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  13. The anthrax infection seems to be a very serious infection that can be fatal for the infected even with treatment. I am not certain how effective cooking of contaminated meat would be in preventing gastrointestinal anthrax since the pathogenic bacilli seems to be very difficult to destroy requiring complete burning of carcasses. Vaccination of livestock may be partly responsible for the food-borne transmission being the least common mode of transmission. In the food industry, are there State requirements for testing of cattle for anthrax before being certified fit for consumption?

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  15. I’m originally from Sudan which is an anthrax endemic country , people in the villages and parts of the cities interact directly with livestock on daily bases, In rural areas some families are living inside the cattle farms and with POOR education, surveillance and prevention system the risk of contracting the disease is quite significant and the situation is even more glaring in South Sudan because the majority of the rural population are cattle owners and there is an ABSENCE of the surveillance, prevention and treatment infrastructure combined with continuous tribal and military conflicts.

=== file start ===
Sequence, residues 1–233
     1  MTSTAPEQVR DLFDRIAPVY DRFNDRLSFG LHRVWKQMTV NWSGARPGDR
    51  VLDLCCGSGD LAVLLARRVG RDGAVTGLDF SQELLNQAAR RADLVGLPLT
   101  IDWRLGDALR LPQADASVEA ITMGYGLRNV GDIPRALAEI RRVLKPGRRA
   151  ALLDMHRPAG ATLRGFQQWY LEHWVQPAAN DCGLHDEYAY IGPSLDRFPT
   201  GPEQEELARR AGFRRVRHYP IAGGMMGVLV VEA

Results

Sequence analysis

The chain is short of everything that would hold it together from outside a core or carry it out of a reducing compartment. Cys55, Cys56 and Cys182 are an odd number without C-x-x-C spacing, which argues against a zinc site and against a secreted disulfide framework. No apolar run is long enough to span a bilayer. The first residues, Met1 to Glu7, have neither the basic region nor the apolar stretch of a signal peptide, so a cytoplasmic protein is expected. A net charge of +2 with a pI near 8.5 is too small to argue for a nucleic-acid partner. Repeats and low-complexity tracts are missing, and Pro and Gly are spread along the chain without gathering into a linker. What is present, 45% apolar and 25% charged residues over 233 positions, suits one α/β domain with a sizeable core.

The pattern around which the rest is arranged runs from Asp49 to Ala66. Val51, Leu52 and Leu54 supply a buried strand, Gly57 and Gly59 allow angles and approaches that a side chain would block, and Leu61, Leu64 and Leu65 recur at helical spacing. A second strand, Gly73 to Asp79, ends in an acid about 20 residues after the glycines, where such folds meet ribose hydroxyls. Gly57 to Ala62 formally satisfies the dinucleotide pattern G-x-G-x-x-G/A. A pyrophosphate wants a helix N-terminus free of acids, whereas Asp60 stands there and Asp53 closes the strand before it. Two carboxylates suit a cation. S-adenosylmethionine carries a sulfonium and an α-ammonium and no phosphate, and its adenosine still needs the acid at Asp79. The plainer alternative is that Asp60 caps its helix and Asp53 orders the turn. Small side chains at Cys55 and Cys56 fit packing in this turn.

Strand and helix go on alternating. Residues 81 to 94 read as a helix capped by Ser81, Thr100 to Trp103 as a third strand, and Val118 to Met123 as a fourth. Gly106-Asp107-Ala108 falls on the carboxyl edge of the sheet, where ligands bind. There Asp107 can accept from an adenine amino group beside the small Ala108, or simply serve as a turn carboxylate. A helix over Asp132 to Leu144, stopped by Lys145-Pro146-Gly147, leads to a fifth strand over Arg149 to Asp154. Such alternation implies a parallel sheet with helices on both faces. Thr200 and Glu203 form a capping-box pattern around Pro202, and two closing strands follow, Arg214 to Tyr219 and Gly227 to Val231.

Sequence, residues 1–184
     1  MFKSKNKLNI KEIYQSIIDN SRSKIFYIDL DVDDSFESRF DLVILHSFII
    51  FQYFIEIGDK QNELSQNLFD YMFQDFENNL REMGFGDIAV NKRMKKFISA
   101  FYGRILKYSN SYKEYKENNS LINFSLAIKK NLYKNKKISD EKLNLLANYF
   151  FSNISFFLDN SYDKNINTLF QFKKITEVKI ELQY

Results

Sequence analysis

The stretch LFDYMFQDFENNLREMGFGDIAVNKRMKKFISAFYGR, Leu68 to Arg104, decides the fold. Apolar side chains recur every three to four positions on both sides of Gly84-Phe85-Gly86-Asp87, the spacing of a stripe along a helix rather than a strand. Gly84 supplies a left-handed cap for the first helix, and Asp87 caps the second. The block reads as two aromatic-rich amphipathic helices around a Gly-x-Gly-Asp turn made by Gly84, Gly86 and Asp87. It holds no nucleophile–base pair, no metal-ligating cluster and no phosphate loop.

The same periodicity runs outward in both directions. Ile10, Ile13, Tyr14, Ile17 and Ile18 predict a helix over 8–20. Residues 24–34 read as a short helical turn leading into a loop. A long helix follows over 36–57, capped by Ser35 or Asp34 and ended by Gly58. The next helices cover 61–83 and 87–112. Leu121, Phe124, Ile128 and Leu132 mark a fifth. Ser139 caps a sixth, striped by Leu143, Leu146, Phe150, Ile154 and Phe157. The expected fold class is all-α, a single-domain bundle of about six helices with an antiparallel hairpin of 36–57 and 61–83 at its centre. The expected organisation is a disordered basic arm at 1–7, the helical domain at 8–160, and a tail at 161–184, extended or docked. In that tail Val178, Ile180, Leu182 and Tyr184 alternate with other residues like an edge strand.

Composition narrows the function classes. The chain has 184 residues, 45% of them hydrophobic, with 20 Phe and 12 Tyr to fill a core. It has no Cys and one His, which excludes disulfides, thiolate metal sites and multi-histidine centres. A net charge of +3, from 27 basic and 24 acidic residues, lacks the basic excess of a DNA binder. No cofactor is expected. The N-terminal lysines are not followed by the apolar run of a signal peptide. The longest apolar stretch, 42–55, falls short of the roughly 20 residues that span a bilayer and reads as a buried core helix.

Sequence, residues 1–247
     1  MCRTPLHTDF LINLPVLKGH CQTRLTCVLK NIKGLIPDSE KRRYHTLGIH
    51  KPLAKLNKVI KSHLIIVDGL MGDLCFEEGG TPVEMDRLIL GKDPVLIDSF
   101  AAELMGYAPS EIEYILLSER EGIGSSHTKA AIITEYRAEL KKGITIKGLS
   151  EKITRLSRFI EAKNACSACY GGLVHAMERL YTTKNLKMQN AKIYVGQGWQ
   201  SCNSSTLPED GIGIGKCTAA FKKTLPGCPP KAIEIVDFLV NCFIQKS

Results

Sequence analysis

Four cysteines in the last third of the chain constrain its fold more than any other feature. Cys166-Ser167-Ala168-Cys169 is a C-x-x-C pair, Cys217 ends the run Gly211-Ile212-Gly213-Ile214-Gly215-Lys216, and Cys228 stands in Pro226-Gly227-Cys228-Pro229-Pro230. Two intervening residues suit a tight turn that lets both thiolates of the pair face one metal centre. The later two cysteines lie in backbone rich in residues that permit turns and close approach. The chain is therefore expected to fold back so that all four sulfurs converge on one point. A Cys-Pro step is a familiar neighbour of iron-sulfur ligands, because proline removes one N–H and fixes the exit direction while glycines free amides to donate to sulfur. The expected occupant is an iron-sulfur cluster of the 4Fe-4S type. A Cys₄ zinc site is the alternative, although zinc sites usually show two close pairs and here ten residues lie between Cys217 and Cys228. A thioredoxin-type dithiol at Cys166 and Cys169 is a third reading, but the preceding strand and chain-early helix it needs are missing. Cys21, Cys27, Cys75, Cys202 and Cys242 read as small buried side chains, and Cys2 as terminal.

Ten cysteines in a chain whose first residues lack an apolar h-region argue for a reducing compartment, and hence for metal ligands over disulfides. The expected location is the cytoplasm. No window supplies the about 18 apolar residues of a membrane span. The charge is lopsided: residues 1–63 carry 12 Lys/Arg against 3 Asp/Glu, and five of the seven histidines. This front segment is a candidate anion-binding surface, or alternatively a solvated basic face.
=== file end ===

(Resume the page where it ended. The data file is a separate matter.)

In March 2011 there was seventeen reported human infection in South Sudan and in February 2015 three South Sudan nationals died at two different hospitals in neighboring Uganda, so cross-borders movements of live stocks between Sudan, South Sudan and Uganda and other neighboring countries make the effort to quarantine and incinerate the infected animal a difficult task.